Longer Interval May Be Safe for Prostate Cancer Screening in Low-Risk Patients

Get Permission

Undergoing a prostate-specific antigen (PSA) blood test every 5 years may be adequate for screening low-risk men for prostate cancer, according to recent findings presented by Albers et al at the European Association of Urology (EAU) Congress 2024 and simultaneously published in European Urology.


Prostate cancer screening has historically been a controversial subject, involving concerns centered around false-positive results leading to unnecessary invasive treatments and false-negative results leading to missed cancer diagnoses. However, magnetic resonance imaging (MRI) scans and active surveillance has recently helped patients, especially those with early-stage disease, avoid unnecessary biopsies and undergo treatment only if their disease progresses.

Among European countries, PSA blood tests are only used routinely in Lithuania to screen men for prostate cancer, because the tests have historically been seen insufficiently reliable.

The EAU currently recommends men should be offered a risk-adapted strategy based on their initial PSA levels, with follow-up intervals of 2 years for those initially at risk, including those with levels higher than 1 ng/mL.

Study Methods and Results

In the recent study, researchers recruited 12,517 male patients (aged 45–50) participating in the ongoing PROBASE trial—which is currently examining different prostate cancer screening protocols. Patients were categorized into three groups based on their initial test results: those with PSA levels < 1.5 ng/mL (low risk), those with levels between 1.5 and 3 ng/mL (intermediate risk), and those with levels > 3 ng/mL (high risk). Low- and intermediate-risk patients are subsequently followed with second PSA tests after a respective 5 and 2 years, whereas high-risk patients receive an MRI scan and biopsy.

Among more than 20,000 low-risk patients enrolled in the trial, 12,517 have received their second PSA tests at the age of 50. The researchers found that 1.2% (n = 146) of these patients had PSA levels > 3 ng/mL and were referred for an MRI and biopsy. A total of 11% (n = 16) of the patients with these higher levels—comprising 0.13% of the total cohort—were found to have prostate cancer.

The researchers further reviewed early-detection policies across the European Union and carried out focus groups with urologists to identify how guidelines were interpreted in clinical practice. They revealed that current guidelines and policies from European governments and health-care institutions remain contradictory and unclear, resulting in high levels of opportunistic testing and disparities in access to early diagnosis.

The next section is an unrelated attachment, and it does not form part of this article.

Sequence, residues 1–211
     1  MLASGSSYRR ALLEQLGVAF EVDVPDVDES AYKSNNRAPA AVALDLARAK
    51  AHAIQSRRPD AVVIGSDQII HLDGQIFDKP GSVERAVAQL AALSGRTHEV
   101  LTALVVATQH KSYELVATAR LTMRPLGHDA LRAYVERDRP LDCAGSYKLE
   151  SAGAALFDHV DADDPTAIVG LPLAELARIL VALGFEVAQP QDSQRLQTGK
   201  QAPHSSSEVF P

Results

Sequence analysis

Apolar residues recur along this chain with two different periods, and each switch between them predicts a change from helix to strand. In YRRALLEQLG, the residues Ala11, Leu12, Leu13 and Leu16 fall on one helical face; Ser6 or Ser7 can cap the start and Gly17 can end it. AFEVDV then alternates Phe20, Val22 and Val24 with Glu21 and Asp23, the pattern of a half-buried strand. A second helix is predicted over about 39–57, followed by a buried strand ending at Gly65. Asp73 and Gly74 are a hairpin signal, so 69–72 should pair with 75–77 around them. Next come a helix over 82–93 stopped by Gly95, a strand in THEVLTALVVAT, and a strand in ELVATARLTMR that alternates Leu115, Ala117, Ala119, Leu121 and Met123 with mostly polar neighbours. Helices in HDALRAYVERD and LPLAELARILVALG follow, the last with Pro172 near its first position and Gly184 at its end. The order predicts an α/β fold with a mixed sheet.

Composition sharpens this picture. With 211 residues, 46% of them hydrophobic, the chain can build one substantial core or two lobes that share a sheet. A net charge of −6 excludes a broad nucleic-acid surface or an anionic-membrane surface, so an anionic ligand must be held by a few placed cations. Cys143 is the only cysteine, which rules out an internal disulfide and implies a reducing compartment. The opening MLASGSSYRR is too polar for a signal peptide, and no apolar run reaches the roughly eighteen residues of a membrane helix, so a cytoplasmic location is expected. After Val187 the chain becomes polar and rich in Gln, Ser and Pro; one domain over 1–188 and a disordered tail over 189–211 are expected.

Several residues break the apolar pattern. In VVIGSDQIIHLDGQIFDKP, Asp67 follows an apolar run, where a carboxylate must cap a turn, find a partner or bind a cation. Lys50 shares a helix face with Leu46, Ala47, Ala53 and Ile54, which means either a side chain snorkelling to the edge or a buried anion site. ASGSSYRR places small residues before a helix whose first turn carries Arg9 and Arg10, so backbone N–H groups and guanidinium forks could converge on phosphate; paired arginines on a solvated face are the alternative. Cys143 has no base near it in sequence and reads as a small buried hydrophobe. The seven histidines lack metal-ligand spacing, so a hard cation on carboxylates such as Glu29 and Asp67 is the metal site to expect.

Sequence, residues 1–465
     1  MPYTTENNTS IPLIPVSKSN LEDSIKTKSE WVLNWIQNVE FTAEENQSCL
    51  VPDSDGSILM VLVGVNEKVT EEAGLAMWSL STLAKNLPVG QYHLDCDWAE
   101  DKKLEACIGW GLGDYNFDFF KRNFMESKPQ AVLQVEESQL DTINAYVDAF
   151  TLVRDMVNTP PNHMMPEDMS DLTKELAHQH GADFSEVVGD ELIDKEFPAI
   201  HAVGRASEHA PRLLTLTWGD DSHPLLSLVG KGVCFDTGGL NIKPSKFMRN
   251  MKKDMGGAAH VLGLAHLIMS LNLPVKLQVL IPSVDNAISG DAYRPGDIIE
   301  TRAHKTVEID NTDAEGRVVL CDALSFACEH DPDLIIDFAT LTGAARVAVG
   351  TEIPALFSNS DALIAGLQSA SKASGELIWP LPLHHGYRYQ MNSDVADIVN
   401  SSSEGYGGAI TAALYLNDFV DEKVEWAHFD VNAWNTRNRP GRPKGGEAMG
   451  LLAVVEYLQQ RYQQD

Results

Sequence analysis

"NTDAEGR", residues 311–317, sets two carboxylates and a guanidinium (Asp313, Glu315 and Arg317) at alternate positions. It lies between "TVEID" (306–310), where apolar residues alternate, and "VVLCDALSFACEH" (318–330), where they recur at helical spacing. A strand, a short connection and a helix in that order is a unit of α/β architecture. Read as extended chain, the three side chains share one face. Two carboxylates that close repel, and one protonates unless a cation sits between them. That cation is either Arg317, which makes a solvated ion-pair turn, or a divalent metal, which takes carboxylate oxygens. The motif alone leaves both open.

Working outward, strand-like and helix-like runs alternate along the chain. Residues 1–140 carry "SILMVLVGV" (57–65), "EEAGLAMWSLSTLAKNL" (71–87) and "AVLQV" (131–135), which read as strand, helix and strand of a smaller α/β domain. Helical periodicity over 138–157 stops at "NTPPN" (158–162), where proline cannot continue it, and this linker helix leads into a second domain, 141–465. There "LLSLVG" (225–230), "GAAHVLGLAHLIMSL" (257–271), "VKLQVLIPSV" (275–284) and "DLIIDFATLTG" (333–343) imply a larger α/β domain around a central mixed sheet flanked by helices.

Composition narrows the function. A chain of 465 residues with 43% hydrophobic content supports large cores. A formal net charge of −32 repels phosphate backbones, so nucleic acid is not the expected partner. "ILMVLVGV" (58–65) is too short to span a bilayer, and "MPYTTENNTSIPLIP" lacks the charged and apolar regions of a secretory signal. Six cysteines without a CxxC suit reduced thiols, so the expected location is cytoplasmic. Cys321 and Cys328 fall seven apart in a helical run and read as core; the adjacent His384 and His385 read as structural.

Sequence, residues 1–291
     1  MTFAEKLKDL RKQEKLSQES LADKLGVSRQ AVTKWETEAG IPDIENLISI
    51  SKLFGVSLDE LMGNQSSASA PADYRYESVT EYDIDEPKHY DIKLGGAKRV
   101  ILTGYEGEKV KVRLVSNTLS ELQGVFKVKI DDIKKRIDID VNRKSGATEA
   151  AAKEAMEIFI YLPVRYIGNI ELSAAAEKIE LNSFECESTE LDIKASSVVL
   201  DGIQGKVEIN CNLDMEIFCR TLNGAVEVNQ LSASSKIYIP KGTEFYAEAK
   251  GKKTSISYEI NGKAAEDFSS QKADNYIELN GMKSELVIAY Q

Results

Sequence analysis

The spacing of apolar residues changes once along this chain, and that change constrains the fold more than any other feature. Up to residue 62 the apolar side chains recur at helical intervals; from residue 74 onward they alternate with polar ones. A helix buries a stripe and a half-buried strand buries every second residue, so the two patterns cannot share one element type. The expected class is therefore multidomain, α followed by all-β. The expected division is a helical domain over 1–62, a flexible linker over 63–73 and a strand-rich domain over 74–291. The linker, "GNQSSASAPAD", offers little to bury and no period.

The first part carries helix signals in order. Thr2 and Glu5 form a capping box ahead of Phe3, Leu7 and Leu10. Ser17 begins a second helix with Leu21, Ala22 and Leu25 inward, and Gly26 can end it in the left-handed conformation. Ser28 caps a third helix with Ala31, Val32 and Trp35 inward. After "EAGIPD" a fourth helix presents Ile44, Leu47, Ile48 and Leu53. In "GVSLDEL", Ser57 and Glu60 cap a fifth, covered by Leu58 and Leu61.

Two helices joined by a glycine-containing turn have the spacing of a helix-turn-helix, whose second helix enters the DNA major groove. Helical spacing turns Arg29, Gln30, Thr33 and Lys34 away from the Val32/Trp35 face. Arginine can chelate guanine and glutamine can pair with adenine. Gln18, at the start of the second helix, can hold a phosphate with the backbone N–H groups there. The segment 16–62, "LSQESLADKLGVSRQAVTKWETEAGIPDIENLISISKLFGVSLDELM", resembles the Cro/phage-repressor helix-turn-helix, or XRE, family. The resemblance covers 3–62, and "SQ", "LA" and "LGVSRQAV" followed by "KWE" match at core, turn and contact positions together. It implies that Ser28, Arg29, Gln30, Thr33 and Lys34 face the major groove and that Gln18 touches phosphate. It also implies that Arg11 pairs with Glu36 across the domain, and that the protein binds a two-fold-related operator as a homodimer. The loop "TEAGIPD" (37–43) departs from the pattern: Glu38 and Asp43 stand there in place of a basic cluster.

“Some country’s guidelines are actively against screening, others are noncommittal, and a few—such as Lithuania—have some form of screening. [Nonetheless], in many countries, if [patients] ask for a test, [they] can get one, sometimes free and sometimes not. This means well-educated men who know about PSA tests are more likely to be screened and get an early diagnosis, while others with less knowledge are at a disadvantage,” emphasized co–study author Katharina Beyer, PhD, of the Department of Urology at the Erasmus MC Cancer Institute, the Netherlands.

“The NICE guidelines … in the UK are incongruous. They say there’s no evidence that PSA screening is worthwhile, but at the same time say any man can ask for a … test if [he wants] it. The result is that well-educated, driven men ask, and others, including many Afro-Caribbean men who are actually at higher risk, don’t ask, and so prostate cancers get missed,” added Phillip Cornford, BSc, MBBS, FRCS, MD, FEBU, Professor at Liverpool University Hospitals National Health Service Trust and Chair of the Prostate Cancer Guidelines Committee at the EAU.


The recent findings indicate the screening interval for low-risk patients may be much longer with minimal additional risk.

“By raising the bar for low risk from 1 ng/mL to 1.5, we enabled 20% more men within our cohort to have a longer gap between tests, and very few contracted cancer in that time. With nearly 14 million men aged between 45 [and] 50 in Europe, the numbers affected by such a change would be significant. Our study is still underway, and we may find that an even longer screening interval, of 7, 8, or even 10 years, is possible without additional risk,” underscored lead study author Peter Albers, MD, of the Department of Urology at Heinrich-Heine University Düsseldorf.

“There is clearly a need for more organized prostate cancer screening. [In] November [2023], the UK government and the charity Prostate UK announced a £42m research program to look at this. The details should soon be made public. Each country will need to design a screening program that fits their health system and the resources they have available, [b]ut there is still plenty we can learn from other countries and the work underway in the [European Union]. New findings, such as those from the PROBASE trial, can help us design an appropriate screening program both in the UK and elsewhere,” concluded Dr. Cornford.

The content in this post has not been reviewed by the American Society of Clinical Oncology, Inc. (ASCO®) and does not necessarily reflect the ideas and opinions of ASCO®.